What a Great article! Distractions I believe this is the biggest killer I have learned to shut off everything.. I never used to shut off my skype and never really thought about as this as a distraction Well one night I had 3 different people ring in as I was trying to write.. Guess what I didn’t get a thing done Lesson learned.. I am going to try your tips here thanks for sharing Chery :)

    Reply
    • Heather Lloyd-Martin
      Heather Lloyd-Martin says:

      Thanks, @Chery! I’ve learned the hard way to make my writing time distraction-free. It makes life so much easier – and when I stick with it, I don’t feel as tired at the end of the day. Good luck! :)

      Reply

Trackbacks & Pingbacks

  1. […] Need to write something fast? Heather Lloyd-Martin breaks down how to complete a blog post in under an hour. […]

  2. […] Write a (good) blog post in 1 hour – here’s how! The principles told in this article […]

  3. […] Write a (good) blog post in 1 hour – here’s how! The principles told in this article […]

  4. […] Write a (good) blog post in 1 hour – here’s how! The principles told in this article […]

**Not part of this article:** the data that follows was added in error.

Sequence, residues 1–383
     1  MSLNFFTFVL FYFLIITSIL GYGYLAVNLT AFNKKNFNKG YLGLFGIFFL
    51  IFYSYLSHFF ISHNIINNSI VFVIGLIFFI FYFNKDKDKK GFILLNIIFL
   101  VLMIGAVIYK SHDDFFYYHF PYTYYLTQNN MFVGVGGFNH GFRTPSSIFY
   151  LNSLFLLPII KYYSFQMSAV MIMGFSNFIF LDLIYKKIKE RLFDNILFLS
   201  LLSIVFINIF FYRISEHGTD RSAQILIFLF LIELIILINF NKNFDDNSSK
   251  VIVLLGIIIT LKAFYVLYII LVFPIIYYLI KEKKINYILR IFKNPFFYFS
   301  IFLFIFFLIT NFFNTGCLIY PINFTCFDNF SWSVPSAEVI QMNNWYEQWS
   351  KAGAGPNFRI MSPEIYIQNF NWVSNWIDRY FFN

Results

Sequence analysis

5. […] off? That depends on how you write. Some people can write a blog post in 30 minutes; others take an hour to write a post. If you need more time, consider using the Pomodoro technique and break writing sessions into […]

  6. […] Write a (Good) Blog Post in 1 Hour – SuccessWorks The old adage goes, “write about what you know.” The SEO-focused copywriting agency SuccessWorks takes it a step further in this brief how-to list, saying we should write about something we enjoy. Not only is this more enjoyable, but it’s also easier to push out a post quickly when you like what you are writing about. The other main takeaway from this is to take a break after your first draft. Fresh eyes will pick up on typos and other mistakes when you come back to the computer. You may even see places where you can add more information. […]

Leave a Reply

Want to join the discussion?
Feel free to contribute!

Leave a Reply

Your email address will not be published. Required fields are marked *

You may use these HTML tags and attributes: <a href="" title=""> <abbr title=""> <acronym title=""> <b> <blockquote cite=""> <cite> <code> <del datetime=""> <em> <i> <q cite=""> <strike> <strong>